What is a hamstring injury? Why is it so bad for athletes?
For most sports fans, one of the worst news to receive is that of their favourite athlete sustaining an injury.
Equally for the athlete, one of the worst news to receive is they won’t be able to play for a significant period, due to a persistent injury. This is common in sport
In football, hamstring injuries are one of the most common to sideline players, some so severe it costs them an entire season.
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Standard Sports samples the hamstring injury, its symptoms, effects and treatment:
What is a hamstring injury?
First, the hamstrings are three muscles at the back of the thigh that run to just below the knee from your hip.
They are responsible for the movement of the hip and the knee - they make it possible to bend your leg and extend it straight behind your body.
Healthline describes a hamstring injury as a tear that occurs when the hamstrings are overstretched.
It is usually caused by fast acceleration activities when running or starting a running motion. The hamstring can tear partly or entirely depending on the severity of the injury.
What causes hamstrings?
For athletes in soccer, hockey and sports that involve a lot of running, hamstrings can tear under extreme stretching.
They also occur if you happen to have had a past hamstring injury. You are most likely to tear it again if you perform intense activity before it had healed fully.
You can also get a hamstring if you train too hard or if you have limited flexibility. It is important to note hamstrings are common in older folk since flexibility deteriorates with old age.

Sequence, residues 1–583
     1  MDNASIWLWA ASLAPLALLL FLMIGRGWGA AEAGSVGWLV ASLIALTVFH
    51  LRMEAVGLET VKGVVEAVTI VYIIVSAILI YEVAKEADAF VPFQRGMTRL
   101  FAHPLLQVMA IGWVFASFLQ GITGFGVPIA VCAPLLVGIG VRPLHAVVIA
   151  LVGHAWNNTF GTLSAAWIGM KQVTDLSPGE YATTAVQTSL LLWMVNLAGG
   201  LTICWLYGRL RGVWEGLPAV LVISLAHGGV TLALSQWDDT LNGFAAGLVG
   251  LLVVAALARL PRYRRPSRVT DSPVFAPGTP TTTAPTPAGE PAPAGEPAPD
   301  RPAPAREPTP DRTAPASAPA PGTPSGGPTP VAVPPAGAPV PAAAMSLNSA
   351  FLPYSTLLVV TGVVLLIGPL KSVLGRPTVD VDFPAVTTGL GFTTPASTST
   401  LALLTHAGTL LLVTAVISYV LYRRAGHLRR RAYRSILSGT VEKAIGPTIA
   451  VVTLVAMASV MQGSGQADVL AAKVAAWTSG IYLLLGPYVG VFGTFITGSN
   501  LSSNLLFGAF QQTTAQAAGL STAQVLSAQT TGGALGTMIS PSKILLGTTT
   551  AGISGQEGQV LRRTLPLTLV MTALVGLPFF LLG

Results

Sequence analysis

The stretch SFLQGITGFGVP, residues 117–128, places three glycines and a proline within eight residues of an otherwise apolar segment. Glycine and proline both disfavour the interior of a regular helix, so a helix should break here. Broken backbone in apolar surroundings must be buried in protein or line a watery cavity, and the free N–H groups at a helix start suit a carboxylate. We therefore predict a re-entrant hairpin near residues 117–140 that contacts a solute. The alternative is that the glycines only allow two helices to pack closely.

Signs and symptoms of hamstrings
- Pain – sharp and sudden
- Popping or snapping feeling whenever one exercises
- Swelling at the back of the thigh
- Weakness in the leg – Inability to place weights
How to treat hamstring injuries?
In general, regular stretching and firming exercises help reduce the risk of getting a hamstring injury.
The UK National Health Service prefers the RICE Treatment, which includes:
Rest – One should take a break from intense physical activity and allow their injuries to heal.
Ice – If you experience swelling or pain, one should wrap a cold towel or an ice pack around the back of the thigh for 20 minutes. Repeat this several times every day.
Compression – A compression wrap (bandage) could be used to apply pressure to the torn area. Compression bandages help reduce swelling by restricting fluids from gathering in the injured area.
Elevation – Placing your leg higher than your heart will also help reduce swelling.
Medication (use of painkillers) also helps in the treatment of hamstrings. This is done by the use of non-inflammatory drugs.
Therapy is also another efficient method of treating hamstrings, with routines set to help restore and improve flexibility. A therapist will most probably perform gentle exercises with you.
If the injury is too severe, one is left with no choice but to seek surgery.
Recovery from a hamstring injury depends on its severity. A totally torn hamstring usually takes several months to heal (3 months).